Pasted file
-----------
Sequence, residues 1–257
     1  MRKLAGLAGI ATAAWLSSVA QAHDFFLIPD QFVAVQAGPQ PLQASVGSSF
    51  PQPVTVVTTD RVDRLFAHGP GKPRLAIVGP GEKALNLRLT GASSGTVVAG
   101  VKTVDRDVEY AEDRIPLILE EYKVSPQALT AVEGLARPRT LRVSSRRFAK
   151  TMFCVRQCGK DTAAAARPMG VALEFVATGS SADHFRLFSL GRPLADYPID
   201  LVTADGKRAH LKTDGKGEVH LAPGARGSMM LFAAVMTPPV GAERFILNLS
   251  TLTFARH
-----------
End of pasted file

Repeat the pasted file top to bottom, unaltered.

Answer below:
Sequence, residues 1–257
     1  MRKLAGLAGI ATAAWLSSVA QAHDFFLIPD QFVAVQAGPQ PLQASVGSSF
    51  PQPVTVVTTD RVDRLFAHGP GKPRLAIVGP GEKALNLRLT GASSGTVVAG
   101  VKTVDRDVEY AEDRIPLILE EYKVSPQALT AVEGLARPRT LRVSSRRFAK
   151  TMFCVRQCGK DTAAAARPMG VALEFVATGS SADHFRLFSL GRPLADYPID
   201  LVTADGKRAH LKTDGKGEVH LAPGARGSMM LFAAVMTPPV GAERFILNLS
   251  TLTFARH